The gift that will help the association continue and expand on the work it will be doing in the year ahead came in the form of a check from Charles and Connie Cotros of Memphis, the association said.

90. Local Alzheimer’s Chapter Gets $265,000 Gift -

The Mid-South Chapter of the Alzheimer’s Association got a special holiday gift this year – a $265,000 donation, to be exact.

The gift that will help the association continue and expand on the work it will be doing in the year ahead came in the form of a check from Charles and Connie Cotros of Memphis, the association has announced.

91. Christmas Coming Home -

CHRISTMAS TIME. Every Christmas I tell this story, and in the telling Christmas comes home.

It was my first time to England and overseas, and prime time for The Beatles, The Rolling Stones and Soho.

92. ArtsMemphis Gets $40K NEA Grant -

The National Endowment for the Arts has given ArtsMemphis a $40,000 grant to help fund its Community Engagement Fellows Program.

ArtsMemphis launched the program in 2014 with the intent to address neighborhood problems through art. Projects include establishing a Family Resource Center at Dunbar Elementary, where parents and students can gain instruction with classes like Arts Too!, a multidisciplinary arts experience for parents, and O-MUSIC, an after-school music program in which older students living in the Orange Mound neighborhood instruct younger students in playing musical instruments.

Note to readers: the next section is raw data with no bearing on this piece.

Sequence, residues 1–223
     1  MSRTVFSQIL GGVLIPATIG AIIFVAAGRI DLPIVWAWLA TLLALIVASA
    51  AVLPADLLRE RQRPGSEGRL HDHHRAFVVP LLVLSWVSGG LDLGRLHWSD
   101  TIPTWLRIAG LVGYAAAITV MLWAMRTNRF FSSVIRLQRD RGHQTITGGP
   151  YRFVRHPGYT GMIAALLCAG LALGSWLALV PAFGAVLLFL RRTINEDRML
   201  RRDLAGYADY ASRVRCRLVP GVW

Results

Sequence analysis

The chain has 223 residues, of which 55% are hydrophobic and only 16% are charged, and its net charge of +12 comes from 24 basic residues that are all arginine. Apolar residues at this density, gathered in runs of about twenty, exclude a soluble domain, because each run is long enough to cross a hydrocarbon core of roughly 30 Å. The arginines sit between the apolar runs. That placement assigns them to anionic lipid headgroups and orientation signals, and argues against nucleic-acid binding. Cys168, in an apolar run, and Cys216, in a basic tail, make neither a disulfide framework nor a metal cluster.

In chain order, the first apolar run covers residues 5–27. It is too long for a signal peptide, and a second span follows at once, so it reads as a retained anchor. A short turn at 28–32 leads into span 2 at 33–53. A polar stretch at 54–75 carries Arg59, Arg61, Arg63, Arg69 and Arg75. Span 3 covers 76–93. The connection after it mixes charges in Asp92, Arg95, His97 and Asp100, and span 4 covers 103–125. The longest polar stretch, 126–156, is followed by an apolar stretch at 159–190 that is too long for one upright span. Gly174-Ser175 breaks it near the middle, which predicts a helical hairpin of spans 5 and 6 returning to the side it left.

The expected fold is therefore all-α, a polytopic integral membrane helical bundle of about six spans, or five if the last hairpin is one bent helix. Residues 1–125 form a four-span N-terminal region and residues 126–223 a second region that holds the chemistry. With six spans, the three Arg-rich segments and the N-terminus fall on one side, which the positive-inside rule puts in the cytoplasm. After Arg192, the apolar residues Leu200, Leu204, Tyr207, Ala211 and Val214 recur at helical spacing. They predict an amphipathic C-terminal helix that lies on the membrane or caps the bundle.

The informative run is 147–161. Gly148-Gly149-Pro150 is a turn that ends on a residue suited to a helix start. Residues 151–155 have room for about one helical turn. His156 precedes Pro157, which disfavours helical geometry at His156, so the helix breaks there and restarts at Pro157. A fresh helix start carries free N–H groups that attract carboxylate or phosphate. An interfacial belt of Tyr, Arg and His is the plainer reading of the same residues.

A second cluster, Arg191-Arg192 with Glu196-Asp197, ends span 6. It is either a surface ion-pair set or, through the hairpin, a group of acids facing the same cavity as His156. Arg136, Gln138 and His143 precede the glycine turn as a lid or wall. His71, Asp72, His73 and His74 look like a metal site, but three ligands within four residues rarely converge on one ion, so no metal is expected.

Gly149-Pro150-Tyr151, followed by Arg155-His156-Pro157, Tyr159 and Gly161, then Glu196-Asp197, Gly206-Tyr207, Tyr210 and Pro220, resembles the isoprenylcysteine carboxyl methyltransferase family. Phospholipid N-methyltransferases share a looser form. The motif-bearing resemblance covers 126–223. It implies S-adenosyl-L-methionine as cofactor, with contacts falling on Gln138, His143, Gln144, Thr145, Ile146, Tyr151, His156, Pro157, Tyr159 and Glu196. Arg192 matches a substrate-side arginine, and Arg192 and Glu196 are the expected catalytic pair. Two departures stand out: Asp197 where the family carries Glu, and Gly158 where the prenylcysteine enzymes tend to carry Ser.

93. Redemption Unreachable as Pete Rose Keeps Screwing Up -

In the TV commercial, banished Hit King Pete Rose is walking down a hallway lined with trophies and baseball memorabilia. His stated purpose: to promote Skechers Relaxed Fit shoes.

Anything for a buck, right, Charlie Hustle?

94. Memphis Lessons That Follow You Home -

Every now and then events occur that seem small, routine, just part of the job until they collide with such force that they explode with meaning, renewing your work with a sense of purpose and change a job into a mission.

95. ArtsMemphis Gets $40K NEA Grant -

The National Endowment for the Arts has given ArtsMemphis a $40,000 grant to help fund its Community Engagement Fellows Program.

ArtsMemphis launched the program in 2014 with the intent to address neighborhood problems through art. Projects include establishing a Family Resource Center at Dunbar Elementary, where parents and students can gain instruction with classes like Arts Too!, a multidisciplinary arts experience for parents, and O-MUSIC, an after-school music program in which older students living in the Orange Mound neighborhood instruct younger students in playing musical instruments.